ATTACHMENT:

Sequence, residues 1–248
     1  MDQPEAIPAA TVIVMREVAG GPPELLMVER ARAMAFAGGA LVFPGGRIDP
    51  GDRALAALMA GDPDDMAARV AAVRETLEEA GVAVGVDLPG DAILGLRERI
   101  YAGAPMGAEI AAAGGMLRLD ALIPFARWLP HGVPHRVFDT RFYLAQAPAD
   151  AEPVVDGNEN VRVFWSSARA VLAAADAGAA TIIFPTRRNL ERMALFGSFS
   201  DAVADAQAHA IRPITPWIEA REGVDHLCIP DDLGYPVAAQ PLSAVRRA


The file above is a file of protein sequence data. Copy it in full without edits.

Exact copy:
Sequence, residues 1–248
     1  MDQPEAIPAA TVIVMREVAG GPPELLMVER ARAMAFAGGA LVFPGGRIDP
    51  GDRALAALMA GDPDDMAARV AAVRETLEEA GVAVGVDLPG DAILGLRERI
   101  YAGAPMGAEI AAAGGMLRLD ALIPFARWLP HGVPHRVFDT RFYLAQAPAD
   151  AEPVVDGNEN VRVFWSSARA VLAAADAGAA TIIFPTRRNL ERMALFGSFS
   201  DAVADAQAHA IRPITPWIEA REGVDHLCIP DDLGYPVAAQ PLSAVRRA